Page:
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Did your parents back home in Omaha have any reaction to this?

No. Thankfully, my father is dead, so he didn’t see that. He was spared watching his son do an awkward sex scene, so I’m grateful for that. My mother, we didn’t talk about it. I know that she watched it, but we never discussed it. She wanted me to be on the Big Bang Theory. If I could have been Jim Parsons, I think she would have been thrilled.

How did Black Monday come to you?

Initially, the script came to me through the shows creators, Jordan Cahan and David Caspe. They sent me the script, and I had never read anything quite like it before. It was in my final season of Girls and I was hoping to find another job on television. It was just such an original idea and it was also a character that really reminded me a lot of the character Elder Price that I got to play in The Book of Mormon and I was excited to get to play a version of that guy again. I was excited about this idea of being a foil to somebody who was this very larger than life character. So I agreed very quickly to be a part of it and it took a little while to get going, for all the pieces to sort of fall into place, but it was well worth the wait. I’m very happy and proud to be a part of it.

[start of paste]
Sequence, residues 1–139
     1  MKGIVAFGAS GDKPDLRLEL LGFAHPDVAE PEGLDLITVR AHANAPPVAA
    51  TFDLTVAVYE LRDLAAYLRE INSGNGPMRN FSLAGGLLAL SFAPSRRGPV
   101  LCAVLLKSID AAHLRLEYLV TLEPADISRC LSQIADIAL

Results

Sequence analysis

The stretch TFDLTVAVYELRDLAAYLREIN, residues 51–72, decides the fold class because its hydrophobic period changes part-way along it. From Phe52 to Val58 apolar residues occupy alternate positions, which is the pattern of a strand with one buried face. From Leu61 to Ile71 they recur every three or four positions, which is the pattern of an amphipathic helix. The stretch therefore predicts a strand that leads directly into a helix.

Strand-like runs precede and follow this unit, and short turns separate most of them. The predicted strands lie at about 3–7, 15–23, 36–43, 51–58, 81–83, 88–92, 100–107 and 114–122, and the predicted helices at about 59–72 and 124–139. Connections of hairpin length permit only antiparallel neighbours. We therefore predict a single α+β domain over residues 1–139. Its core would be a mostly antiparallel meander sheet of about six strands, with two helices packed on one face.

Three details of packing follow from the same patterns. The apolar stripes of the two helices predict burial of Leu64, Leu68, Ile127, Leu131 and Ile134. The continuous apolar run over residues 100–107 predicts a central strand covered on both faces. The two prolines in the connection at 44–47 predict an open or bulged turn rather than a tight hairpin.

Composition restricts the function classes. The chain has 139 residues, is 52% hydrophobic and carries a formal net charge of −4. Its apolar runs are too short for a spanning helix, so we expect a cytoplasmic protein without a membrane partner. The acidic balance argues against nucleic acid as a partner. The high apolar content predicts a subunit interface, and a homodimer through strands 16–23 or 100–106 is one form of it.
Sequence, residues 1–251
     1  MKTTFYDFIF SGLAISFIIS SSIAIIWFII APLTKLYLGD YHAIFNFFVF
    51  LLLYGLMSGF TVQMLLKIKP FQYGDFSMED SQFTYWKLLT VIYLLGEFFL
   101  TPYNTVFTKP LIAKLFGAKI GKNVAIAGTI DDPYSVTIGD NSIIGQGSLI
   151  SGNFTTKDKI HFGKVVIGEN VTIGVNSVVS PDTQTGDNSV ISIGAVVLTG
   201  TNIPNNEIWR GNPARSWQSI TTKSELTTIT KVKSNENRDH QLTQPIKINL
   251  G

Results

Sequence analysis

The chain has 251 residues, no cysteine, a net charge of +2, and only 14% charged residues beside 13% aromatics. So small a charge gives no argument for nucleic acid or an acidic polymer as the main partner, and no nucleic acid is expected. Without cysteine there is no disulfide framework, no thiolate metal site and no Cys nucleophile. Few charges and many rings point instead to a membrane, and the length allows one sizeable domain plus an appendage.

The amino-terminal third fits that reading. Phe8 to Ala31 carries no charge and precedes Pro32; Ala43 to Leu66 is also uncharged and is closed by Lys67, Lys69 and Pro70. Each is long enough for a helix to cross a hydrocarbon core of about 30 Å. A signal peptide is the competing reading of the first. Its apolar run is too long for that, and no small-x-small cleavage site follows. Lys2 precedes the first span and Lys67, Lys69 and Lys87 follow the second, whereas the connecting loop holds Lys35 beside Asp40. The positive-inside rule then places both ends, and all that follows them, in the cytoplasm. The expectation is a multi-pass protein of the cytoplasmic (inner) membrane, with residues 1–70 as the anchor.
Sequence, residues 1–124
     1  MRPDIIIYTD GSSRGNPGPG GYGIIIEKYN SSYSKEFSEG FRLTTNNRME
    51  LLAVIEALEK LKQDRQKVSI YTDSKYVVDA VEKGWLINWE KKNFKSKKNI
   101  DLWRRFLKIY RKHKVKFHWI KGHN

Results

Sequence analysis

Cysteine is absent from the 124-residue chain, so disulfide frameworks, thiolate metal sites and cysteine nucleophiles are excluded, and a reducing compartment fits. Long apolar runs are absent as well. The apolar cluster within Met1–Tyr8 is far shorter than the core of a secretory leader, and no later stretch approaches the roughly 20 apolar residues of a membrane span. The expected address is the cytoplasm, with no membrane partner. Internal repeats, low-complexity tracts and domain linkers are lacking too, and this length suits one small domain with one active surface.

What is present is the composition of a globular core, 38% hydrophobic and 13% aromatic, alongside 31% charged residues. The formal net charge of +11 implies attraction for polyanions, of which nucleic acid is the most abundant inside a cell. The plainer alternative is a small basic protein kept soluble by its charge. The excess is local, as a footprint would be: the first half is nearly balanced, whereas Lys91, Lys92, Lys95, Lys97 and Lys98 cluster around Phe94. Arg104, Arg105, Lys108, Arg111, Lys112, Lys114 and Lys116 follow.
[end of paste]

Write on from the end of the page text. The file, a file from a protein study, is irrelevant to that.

The glasses are a really nice touch for the character.

I love the glasses. I really pushed for the glasses. I was sort of going for a Michael J. Fox in the Secret of My Success idea or James Spader in Baby Boom was the other sort of look that I was chasing. It seemed very ’80s to me, to have these awkward glasses on, so that was a contribution of mine. They were asking me questions about the character and I was like, “Glasses, that’s what he needs!”